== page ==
bedtime and books.

readingwithgirls

It’s the end of a long busy day and time to settle down for bed. Traditionally, bedtime is story time. Reading can be a comforting and soothing activity to prepare your child for a good night’s sleep. It can also be challenging if you have multiple children or for a single parent doing it alone. I hope the following tips are ones that will help make your bedtime ritual a special and rewarding experience for you and your family.

Establish a consistent bedtime routine.

Children, like adults, need a quiet time to relax and unwind at the end of each day. Consistency allows everyone to anticipate and look forward to this exclusive time spent together.

Create a special cozy place devoid of distractions.

No phone, no television! Not only is this calm atmosphere valuable for your child, it is a wonderful opportunity for you to spend uninterrupted time with them. You can also use this time to simply talk with your child. Conversation is another means of exploring language and an integral part of literacy development.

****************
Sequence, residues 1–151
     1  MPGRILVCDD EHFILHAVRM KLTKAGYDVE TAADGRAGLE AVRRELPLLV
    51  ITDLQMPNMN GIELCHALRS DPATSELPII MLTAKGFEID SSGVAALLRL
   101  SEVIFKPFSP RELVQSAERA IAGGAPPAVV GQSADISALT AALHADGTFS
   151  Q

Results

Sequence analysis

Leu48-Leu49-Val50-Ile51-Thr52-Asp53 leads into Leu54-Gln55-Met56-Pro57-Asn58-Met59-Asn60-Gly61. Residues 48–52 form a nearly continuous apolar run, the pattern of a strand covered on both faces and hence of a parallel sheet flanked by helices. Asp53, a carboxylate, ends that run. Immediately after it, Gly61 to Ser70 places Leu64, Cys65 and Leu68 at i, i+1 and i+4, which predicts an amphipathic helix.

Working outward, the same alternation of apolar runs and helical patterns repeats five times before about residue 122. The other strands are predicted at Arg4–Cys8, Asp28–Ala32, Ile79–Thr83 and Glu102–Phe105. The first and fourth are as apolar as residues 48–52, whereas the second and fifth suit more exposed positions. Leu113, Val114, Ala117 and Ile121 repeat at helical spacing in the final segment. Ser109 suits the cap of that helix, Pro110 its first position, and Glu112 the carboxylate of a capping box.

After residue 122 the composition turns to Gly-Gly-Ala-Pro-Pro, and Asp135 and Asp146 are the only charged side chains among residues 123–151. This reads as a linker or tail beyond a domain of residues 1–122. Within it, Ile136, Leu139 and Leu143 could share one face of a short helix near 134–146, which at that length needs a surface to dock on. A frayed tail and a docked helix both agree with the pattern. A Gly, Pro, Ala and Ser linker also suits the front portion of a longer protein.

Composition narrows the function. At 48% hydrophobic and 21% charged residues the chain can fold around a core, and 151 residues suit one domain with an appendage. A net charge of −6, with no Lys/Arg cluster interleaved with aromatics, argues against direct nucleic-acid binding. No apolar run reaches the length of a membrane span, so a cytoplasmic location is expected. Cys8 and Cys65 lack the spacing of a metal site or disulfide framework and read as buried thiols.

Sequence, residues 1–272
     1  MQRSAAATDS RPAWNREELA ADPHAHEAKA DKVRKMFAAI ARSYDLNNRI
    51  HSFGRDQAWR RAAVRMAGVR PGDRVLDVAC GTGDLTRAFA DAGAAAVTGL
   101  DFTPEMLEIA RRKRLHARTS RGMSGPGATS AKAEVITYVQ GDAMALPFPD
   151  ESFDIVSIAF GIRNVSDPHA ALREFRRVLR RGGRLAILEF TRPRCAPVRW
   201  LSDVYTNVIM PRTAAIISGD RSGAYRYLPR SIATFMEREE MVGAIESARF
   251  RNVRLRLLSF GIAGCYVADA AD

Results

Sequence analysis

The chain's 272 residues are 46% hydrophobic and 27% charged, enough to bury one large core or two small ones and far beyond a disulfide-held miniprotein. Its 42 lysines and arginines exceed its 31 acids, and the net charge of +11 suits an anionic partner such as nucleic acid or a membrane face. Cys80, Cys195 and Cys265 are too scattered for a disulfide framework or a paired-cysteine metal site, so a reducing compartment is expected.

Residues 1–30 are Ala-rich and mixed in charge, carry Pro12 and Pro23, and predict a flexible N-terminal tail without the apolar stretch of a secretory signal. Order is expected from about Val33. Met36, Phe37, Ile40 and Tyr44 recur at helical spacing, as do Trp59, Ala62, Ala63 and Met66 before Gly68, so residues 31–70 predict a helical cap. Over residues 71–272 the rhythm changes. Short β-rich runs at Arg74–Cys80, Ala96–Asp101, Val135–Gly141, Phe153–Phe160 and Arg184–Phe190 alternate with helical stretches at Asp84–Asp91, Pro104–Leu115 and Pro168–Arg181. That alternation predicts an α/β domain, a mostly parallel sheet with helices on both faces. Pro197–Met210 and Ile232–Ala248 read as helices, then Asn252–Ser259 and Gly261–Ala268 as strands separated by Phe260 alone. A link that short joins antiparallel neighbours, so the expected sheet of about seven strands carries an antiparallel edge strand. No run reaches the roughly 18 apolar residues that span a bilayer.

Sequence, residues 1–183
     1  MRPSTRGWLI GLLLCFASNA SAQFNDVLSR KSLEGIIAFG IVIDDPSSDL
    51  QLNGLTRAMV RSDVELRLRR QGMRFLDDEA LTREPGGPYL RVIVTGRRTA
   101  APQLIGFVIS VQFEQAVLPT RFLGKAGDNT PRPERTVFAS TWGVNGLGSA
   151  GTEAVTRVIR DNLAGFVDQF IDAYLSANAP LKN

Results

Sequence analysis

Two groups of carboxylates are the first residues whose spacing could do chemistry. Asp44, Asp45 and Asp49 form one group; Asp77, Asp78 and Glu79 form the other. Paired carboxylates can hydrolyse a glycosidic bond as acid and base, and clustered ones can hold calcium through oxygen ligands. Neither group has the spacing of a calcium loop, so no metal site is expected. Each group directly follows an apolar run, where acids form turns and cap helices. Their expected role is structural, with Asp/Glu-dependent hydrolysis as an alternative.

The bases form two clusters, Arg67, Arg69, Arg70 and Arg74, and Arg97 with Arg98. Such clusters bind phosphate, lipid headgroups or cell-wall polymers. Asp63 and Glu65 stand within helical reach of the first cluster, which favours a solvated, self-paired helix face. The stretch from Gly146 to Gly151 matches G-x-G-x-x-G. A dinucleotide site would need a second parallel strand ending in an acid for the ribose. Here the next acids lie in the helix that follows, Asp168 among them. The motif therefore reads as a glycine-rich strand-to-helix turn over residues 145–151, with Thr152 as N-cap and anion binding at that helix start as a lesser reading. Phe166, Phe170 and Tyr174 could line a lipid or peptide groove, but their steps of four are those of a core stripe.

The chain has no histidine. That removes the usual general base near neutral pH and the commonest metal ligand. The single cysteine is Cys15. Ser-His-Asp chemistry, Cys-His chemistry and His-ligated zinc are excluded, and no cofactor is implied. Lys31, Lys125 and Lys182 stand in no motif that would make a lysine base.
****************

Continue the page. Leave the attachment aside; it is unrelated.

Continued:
Assemble a variety of books and quiet activities for your nighttime ritual.

Having choices to accommodate the ages and interests of your children will make it possible for everyone to participate. Act out stories. Tell stories. Sing songs. Play quiet games. Create a puppet show. Play soft music. The goal is to establish a quiet time as part of the bedtime ritual.

Model various ways of reading a book.

Look at and describe pictures. Read to a pet or stuffed animal. Have older children read to younger siblings.

What is your bedtime routine? Does it involve books? How do you manage story time with multiple children?

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Written by Marilyn Levin

Founder and director of READ New Orleans, a program for parents and children aged 6 months to 5 years that focuses on fostering a lifelong love of language and books.

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